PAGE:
The idea of a miracle cure and bodies healing themselves holds a particular fascination. Stem cell research brings regenerative medicine a step closer, but many of the ideas and concepts remain controversial. So what are stem cells, and why are they so important?

Stem cells are a type of cell that can develop into many other types of cell. Stem cells can also renew themselves by dividing, even after they have been inactive for a long time.

The human body requires many different types of cell to function, but it does not produce each cell type fully formed and ready to use. Instead, it produces stem cells that have a wide range of possible functions. However, stem cells need to become a specific cell type to be useful.

When a stem cell divides, the new cells may either become another stem cell or a specific cell, such as a blood cell, a brain cell, or a muscle cell.

Scientists call a stem cell an undifferentiated cell because it can become any cell. In contrast, a blood cell, for example, is a 'differentiated' cell, because it is already a specific kind of cell.

Stem cells in storage
Stem cells may provide the key to regenerative medicine, in which the body heals itself.

In some tissues, stem cells play an essential role in regeneration, as they can divide easily to replace dead cells.

Scientists that knowing how stem cells work may lead to possible treatments for conditions, such as diabetes and heart disease.

For instance, if someone's heart contains damaged tissue, doctors might be able to stimulate healthy tissue to grow by transplanting laboratory-grown stem cells into the person's heart. This could cause the heart tissue to renew itself.

Researchers on a small-scale study published in the Journal of Cardiovascular Translational Research tested this method.

The results showed a reduction of the size of scarred heart tissue caused by heart attacks when doctors transplanted stem cells to the damaged area.

Doctors have always considered this kind of scarring permanent and untreatable.

However, this small study involved only 11 participants. This makes it difficult to tell whether the improvement in heart function resulted from the transplantation of stem cells or whether it was due to something else.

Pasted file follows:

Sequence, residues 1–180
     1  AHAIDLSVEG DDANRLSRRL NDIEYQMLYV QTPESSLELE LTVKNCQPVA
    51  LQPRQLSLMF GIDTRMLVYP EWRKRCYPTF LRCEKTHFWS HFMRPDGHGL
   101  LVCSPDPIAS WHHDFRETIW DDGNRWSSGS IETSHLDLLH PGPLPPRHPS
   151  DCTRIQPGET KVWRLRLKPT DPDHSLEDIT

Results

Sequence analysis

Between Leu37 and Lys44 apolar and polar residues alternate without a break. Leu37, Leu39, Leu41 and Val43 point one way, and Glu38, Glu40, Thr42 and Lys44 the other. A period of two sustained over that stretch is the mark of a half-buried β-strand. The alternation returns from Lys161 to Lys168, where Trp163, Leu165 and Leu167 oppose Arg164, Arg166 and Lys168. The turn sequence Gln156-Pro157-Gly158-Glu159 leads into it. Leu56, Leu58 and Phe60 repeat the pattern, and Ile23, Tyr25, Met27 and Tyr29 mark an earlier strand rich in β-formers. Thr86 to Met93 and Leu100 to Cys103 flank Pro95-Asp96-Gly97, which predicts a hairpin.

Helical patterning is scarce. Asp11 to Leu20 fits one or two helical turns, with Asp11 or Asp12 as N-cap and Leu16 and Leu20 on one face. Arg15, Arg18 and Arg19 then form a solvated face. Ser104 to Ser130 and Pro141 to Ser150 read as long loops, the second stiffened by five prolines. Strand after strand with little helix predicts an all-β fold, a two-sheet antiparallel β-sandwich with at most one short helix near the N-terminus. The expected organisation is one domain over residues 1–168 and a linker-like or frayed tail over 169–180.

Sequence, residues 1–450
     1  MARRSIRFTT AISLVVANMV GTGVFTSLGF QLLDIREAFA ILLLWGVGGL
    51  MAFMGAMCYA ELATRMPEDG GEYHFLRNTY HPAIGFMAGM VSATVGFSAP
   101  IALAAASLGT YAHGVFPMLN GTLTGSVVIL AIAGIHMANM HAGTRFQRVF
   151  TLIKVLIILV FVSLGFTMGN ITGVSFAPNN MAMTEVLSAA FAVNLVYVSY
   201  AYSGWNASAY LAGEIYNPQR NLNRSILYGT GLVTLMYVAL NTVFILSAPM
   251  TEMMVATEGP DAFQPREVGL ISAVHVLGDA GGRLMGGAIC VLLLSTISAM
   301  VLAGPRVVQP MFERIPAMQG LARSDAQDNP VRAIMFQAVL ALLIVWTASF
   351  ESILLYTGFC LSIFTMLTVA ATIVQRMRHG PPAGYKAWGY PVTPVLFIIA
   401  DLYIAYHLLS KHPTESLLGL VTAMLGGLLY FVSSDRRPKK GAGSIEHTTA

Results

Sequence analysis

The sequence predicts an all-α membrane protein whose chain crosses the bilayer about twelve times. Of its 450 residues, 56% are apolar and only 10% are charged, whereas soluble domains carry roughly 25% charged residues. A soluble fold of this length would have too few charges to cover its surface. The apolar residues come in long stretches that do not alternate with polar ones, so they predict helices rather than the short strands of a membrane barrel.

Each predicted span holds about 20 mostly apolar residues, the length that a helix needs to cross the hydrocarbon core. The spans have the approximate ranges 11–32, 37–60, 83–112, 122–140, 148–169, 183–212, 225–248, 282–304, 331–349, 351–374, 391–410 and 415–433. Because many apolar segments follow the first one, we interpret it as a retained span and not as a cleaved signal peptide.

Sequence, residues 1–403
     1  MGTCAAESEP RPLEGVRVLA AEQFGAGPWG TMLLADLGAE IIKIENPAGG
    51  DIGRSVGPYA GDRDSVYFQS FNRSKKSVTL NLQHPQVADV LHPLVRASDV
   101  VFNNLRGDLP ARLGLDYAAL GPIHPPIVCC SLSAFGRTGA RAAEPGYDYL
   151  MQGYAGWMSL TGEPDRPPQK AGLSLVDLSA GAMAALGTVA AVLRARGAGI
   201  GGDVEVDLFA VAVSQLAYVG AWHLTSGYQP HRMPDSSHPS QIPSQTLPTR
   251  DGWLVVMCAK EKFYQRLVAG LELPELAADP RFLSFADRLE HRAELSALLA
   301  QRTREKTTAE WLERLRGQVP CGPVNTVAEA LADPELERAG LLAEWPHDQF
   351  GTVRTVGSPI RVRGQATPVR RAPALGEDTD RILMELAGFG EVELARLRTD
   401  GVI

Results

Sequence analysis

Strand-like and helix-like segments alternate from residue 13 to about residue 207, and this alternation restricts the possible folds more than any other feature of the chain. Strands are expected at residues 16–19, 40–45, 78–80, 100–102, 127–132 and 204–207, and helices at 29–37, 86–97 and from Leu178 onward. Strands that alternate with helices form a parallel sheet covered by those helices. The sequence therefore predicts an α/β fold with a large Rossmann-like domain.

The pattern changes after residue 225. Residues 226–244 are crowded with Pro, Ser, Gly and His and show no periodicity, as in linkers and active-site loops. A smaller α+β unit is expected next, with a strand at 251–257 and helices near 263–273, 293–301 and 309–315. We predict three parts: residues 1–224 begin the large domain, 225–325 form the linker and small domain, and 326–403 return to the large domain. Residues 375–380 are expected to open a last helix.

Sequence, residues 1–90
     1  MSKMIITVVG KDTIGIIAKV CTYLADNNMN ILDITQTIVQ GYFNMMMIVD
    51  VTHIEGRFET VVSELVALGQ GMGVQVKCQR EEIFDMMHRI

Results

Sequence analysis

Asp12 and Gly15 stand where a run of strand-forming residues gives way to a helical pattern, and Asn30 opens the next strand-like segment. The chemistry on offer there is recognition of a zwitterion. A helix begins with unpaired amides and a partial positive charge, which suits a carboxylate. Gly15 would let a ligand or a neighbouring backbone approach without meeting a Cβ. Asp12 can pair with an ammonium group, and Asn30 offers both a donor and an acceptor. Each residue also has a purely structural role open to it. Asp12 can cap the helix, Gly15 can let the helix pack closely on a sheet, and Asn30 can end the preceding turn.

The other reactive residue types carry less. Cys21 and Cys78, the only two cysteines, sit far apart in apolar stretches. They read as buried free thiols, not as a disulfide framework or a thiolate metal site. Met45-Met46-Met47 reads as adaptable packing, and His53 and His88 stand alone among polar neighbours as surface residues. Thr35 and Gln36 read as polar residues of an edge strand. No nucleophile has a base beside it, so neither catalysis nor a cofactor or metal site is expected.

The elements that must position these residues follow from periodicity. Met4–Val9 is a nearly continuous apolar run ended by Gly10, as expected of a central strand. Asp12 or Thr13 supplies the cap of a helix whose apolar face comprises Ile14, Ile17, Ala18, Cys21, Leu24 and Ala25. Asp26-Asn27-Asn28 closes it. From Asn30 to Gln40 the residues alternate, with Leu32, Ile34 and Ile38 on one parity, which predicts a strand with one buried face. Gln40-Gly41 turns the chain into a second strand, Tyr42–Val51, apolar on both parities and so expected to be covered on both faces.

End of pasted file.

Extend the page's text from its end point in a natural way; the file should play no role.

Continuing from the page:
For example, all of the transplants took place while the individuals were undergoing heart bypass surgery, so it is possible that the improvement in heart function was due to the bypass rather than the stem cell treatment.

To investigate further, the researchers plan to do another study. This study will include a control group of people with heart failure who undergo bypass surgery but who do not receive the stem cell treatment.

Another investigation, published in in 2016, has suggested that stem cell therapies could be the basis of personalized diabetes treatment.

In mice and laboratory-grown cultures, researchers successfully produced insulin-secreting cells from stem cells derived from the skin of people with type 1 diabetes.

Jeffrey R. Millman, assistant professor of medicine and biomedical engineering at Washington University School of Medicine and first author, :

"In theory, if we could replace the damaged cells in these individuals with new pancreatic beta cells — whose primary function is to store and release insulin to control blood glucose — patients with type 1 diabetes wouldn't need insulin shots anymore."

Jeffrey R. Millman

Millman hopes that these stem cell-derived beta cells could be ready for research in humans within 3 to 5 years.

"What we're envisioning is an outpatient procedure in which some sort of device filled with the cells would be placed just beneath the skin," he said.

Stem cells could have vast potential in developing new therapies.

Stem cells in drug development

stem cell research
Scientists are using stem cells to develop and test new drugs.

One way that scientists use stem cells at the moment is in developing and testing new drugs.

The type of stem cells that scientists commonly use for this purpose are called induced pluripotent stem cells.

These are cells that have already undergone differentiation, but which scientists have genetically "reprogrammed" using viruses, so they can divide and become any cell. In this way, they act like undifferentiated stem cells.

Scientists can grow differentiated cells from these pluripotent stem cells to resemble, for instance, cancer cells. Creating these cells means that scientists can use them to test anti-cancer drugs.

Researchers are a wide variety of cancer cells using this method. However, because they cannot yet create cells that mimic cancer cells in a controlled way, it is not always possible to replicate the results precisely.

Scientists stem cells in different ways.

Embryonic stem cells an embryo that is just a few days old.

Scientists can extract adult stem cells from different types of tissue, including the brain, bone marrow, blood vessels, skeletal muscle, skin, teeth, the gut, the liver, among others.

Amniotic fluid contains stem cells. Many women opt for an amniocentesis test that checks for congenital disabilities before the child is born. If the doctor keeps the fluid, they could use it in the future to treat other conditions either during gestation or after birth.

Induced pluripotent stem cells (iPS cells) are cells that scientists can reprogram to act as stem cells, for use in regenerative medicine.

After collecting the stem cells, scientists usually in liquid nitrogen for future use.